Out of this was born a blog that became, and remains, my daily writing practice. I did realize, after two years working on “The Bush Diaries,” that I had grown weary of waking up with Bush in bed with me every morning—as I planned out what I wanted to write that day—and the blog morphed seamlessly into “The Buddha Diaries,” which continues to this day.

I said earlier that my discovery of the blogosphere changed all the rules. Until that moment my power as a writer, eventually, rested in the hands of others. I have always known at heart that writing is by definition an act of communication, and that only one half of its potential lies in the hands of the writer. The reader is the other, indispensible element. For this, I had always been dependent on the editor of a magazine or, in the case of books, on an agent and a publishing company to bring the results of my work into the hands of a reader. And to attract the attention and the collaboration of these intermediaries was, believe me, no small feat. Ask any writer. Well, ask any artist, too, who has tried to find a gallery…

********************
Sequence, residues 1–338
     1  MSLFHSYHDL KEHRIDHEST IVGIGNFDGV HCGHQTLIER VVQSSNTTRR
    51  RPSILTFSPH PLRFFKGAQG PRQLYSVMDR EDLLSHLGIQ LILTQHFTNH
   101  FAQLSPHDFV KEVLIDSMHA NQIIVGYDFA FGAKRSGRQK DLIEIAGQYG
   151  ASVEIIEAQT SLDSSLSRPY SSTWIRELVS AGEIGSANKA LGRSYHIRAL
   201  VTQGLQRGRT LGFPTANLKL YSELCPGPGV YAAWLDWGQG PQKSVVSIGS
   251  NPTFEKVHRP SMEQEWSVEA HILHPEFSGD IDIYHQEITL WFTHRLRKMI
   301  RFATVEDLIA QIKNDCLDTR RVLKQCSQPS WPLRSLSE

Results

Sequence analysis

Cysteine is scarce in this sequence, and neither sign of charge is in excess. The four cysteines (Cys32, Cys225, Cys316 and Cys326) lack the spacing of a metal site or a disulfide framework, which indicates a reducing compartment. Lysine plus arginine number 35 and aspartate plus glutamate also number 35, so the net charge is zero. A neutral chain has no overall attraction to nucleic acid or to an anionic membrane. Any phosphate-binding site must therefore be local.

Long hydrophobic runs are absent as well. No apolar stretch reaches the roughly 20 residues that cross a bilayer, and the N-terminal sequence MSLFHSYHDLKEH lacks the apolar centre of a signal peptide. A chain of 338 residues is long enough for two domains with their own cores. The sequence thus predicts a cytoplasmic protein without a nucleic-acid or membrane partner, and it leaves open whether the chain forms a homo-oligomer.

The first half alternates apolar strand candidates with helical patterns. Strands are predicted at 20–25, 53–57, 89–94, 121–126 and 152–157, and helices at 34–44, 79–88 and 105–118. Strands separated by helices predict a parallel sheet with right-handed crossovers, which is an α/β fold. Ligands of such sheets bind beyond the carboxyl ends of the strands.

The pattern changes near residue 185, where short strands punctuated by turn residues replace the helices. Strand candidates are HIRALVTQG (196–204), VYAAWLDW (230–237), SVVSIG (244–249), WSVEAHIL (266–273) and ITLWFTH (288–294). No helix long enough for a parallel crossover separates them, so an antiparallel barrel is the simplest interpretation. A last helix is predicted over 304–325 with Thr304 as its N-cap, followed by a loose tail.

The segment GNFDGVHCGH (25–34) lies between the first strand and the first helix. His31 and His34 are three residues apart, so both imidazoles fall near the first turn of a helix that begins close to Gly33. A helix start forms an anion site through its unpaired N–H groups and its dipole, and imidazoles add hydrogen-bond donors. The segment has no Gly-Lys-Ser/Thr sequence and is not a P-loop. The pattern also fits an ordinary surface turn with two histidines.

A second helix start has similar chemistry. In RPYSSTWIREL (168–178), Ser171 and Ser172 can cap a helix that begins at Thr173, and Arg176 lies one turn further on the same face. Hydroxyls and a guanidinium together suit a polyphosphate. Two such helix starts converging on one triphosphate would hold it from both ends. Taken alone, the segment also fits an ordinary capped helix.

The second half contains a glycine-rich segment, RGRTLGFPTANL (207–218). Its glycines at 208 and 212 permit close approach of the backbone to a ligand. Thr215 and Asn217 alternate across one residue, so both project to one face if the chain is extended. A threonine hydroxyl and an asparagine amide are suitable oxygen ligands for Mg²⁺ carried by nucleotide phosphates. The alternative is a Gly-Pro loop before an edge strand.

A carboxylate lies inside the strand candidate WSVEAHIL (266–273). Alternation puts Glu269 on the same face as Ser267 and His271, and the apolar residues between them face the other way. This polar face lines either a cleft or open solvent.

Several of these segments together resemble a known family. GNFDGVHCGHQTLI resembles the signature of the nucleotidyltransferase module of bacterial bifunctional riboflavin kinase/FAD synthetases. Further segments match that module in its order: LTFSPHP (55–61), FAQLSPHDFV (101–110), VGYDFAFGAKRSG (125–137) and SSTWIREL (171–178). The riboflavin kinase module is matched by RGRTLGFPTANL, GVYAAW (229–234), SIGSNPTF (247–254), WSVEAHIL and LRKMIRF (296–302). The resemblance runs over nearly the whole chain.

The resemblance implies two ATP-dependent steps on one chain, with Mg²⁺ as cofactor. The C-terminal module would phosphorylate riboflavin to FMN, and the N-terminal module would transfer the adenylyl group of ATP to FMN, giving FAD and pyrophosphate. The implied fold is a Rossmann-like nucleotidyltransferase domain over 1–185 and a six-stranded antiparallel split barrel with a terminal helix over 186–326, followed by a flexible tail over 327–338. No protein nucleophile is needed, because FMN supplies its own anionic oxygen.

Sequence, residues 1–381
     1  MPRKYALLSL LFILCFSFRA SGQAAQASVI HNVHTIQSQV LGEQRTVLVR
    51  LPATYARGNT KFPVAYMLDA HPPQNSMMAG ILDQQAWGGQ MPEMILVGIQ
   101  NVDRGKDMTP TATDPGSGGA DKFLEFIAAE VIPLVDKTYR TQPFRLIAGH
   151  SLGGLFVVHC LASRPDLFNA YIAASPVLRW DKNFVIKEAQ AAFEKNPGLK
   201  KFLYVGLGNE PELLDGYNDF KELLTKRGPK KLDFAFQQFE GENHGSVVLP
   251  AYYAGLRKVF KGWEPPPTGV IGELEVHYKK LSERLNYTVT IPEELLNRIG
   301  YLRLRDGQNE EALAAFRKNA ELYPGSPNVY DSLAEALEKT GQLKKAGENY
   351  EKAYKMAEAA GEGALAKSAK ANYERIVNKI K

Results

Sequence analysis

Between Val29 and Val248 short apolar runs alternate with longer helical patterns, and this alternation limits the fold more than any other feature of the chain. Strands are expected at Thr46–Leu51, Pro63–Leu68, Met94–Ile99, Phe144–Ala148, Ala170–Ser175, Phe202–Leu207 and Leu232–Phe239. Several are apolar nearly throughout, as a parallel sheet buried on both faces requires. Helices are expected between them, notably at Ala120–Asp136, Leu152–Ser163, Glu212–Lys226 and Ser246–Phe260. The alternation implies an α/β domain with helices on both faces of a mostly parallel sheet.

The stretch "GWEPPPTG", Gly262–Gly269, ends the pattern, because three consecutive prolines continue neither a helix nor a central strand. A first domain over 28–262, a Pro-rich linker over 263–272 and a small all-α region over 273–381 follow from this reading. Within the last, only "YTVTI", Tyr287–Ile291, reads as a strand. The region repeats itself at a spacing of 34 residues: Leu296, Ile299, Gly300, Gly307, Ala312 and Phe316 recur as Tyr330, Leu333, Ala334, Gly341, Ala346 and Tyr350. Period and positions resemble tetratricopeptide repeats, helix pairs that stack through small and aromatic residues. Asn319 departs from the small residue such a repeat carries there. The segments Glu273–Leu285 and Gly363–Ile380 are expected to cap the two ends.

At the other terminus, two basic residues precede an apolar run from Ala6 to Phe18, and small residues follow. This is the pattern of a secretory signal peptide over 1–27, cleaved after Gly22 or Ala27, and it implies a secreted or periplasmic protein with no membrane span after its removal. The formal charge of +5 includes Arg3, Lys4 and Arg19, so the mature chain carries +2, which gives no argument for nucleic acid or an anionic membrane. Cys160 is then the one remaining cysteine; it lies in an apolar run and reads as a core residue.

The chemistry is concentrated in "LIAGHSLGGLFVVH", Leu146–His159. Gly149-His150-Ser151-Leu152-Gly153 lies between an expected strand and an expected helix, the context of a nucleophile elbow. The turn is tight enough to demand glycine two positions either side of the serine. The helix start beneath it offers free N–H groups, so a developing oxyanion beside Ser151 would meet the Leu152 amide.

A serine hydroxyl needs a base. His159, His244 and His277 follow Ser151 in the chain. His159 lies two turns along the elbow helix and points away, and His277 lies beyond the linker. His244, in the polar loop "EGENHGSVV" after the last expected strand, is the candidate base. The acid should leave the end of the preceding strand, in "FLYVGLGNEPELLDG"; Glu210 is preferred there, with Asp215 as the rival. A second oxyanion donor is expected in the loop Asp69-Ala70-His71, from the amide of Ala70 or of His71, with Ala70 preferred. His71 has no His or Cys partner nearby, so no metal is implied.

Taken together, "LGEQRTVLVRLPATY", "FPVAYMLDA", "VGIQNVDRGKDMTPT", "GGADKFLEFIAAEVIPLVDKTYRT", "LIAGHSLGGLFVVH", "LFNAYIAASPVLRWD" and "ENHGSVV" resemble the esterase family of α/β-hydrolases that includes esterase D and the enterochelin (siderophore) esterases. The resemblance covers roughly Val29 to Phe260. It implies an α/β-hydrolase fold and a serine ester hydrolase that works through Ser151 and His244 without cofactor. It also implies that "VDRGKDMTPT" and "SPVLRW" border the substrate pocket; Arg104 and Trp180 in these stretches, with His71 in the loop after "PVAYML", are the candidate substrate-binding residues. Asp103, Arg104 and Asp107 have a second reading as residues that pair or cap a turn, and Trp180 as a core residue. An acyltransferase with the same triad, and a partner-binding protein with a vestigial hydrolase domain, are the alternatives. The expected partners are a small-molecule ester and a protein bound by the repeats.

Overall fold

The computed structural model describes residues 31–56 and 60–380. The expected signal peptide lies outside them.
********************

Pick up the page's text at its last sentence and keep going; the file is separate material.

So this was the changed world of the blogosphere. I could write something every day of my life. I could publish it as I wished, without modification or approval from any meddling editor. And, I soon discovered, I could attract readers. I could get response. I could, in a word, communicate. What more could any writer ask for?

Well of course there’s always the more. There’s the “book.” Even though now, thanks to the wonders of the computer and the Internet, it’s entirely possible to put out a book and market it oneself, there’s always the elusive prospect of that best-seller, that gleam in the eye of every writer, that brings with it critical response, perhaps even acclaim, perhaps even financial return on the work that has gone into the writing. Not to mention the door that one success will open to the next publication, the growing readership. Who among us writers does not strive for such an opportunity?

Still, recognizing that these optimal results are available only for the fortunate few whose writing skills prove marketable, I’ll settle for the more intimate pleasures of the blogosphere, thankful for that small but, yes, growing coterie of readers who follow what I write, and taking heart from the fact that I am a bit more than the voice crying in the wilderness. I’m able to reach people. I’m able, sometimes, to touch their lives.


TaraDharma said...